Necrotic Ring Spot
Necrotic Ring spot (NRS) often appears in the spring in local Kentucky bluegrass lawns. This disease results in the formation of 'frogeye' patches of live grass within a dead circle in spring and fall. Patches may persist into the summer.
There are management practices that help suppress NRS. Fertilize moderately at the turf fertilizer rate of one pound of nitrogen per 1000 square feet. Use a product containing a mix of slow and quick release nitrogen. This avoids a flush of top growth that stresses roots. Other recommended management practices are spring or fall core aeration, avoiding over-irrigation by watering to meet ET rates and mowing at 2 1/2" to 3".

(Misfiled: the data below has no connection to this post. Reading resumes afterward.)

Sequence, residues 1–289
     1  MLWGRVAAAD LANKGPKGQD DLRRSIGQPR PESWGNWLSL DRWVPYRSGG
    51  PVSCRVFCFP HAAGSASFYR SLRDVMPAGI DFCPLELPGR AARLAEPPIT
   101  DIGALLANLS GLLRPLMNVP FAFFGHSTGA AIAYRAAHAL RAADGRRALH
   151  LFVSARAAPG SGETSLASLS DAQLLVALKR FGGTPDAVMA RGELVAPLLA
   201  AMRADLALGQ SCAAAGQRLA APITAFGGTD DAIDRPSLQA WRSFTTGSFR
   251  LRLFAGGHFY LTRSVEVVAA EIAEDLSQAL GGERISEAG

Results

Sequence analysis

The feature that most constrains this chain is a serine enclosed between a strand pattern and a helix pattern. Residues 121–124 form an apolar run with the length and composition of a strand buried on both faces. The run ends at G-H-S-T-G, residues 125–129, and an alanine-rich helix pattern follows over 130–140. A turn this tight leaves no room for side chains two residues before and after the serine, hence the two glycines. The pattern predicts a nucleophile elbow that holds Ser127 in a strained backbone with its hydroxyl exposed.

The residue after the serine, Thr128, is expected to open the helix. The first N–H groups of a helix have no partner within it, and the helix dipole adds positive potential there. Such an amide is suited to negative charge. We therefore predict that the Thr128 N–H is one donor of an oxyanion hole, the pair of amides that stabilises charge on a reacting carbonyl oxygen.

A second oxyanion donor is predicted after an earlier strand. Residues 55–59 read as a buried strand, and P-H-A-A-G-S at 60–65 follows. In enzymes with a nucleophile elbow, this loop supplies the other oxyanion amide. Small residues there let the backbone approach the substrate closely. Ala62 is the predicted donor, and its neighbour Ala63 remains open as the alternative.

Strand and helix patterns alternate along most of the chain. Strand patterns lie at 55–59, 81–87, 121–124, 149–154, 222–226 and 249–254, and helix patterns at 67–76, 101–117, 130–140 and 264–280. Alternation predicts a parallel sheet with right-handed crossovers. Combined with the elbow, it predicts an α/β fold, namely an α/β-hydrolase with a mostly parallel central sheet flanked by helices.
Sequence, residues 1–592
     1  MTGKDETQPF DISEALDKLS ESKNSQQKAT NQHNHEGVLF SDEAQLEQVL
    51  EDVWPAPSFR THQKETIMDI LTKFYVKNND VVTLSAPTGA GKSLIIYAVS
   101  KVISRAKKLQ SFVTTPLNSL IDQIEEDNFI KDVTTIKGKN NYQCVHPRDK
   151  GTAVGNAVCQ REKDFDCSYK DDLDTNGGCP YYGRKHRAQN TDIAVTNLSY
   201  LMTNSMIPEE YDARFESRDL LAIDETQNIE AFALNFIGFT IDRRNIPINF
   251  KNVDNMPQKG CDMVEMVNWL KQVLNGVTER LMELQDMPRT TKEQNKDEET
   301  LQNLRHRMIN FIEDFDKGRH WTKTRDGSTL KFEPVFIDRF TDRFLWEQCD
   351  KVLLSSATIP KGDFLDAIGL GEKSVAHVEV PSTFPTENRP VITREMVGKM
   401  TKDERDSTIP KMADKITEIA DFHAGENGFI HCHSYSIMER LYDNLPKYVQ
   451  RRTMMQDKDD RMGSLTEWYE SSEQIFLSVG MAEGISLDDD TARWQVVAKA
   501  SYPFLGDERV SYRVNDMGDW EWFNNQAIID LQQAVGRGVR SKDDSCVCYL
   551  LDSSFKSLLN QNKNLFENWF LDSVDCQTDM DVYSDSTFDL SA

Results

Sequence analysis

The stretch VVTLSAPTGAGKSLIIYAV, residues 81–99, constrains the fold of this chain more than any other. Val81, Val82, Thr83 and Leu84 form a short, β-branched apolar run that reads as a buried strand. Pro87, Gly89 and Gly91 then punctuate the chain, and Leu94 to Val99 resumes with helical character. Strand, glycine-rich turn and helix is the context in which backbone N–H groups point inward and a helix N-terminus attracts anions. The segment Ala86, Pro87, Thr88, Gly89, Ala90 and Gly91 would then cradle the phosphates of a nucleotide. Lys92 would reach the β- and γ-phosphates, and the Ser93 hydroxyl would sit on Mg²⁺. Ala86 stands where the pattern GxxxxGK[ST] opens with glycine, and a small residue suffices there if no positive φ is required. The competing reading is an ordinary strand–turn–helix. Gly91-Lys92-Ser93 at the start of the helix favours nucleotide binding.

Certain bluegrass varieties, such as Adelphi, Apex, Eclipse, Nugget, Nustar and Wabash show some resistance to NRS. Consider them when seeding or sodding new lawns.
Fungicide applications may help suppress the disease although details on effectiveness of fungicide types and application timing need to be worked out. Applications should be made in spring when soil temperatures reach 65 degrees F. (mid-May). A second application in late summer or early fall is warranted on lawns with a history of NRS. The best timing of this late season application needs to be determined. See CSU Extension Fact Sheet 2.900, Necrotic Ring Spot in Turf grass, for further information.
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Updated Friday, April 19, 2013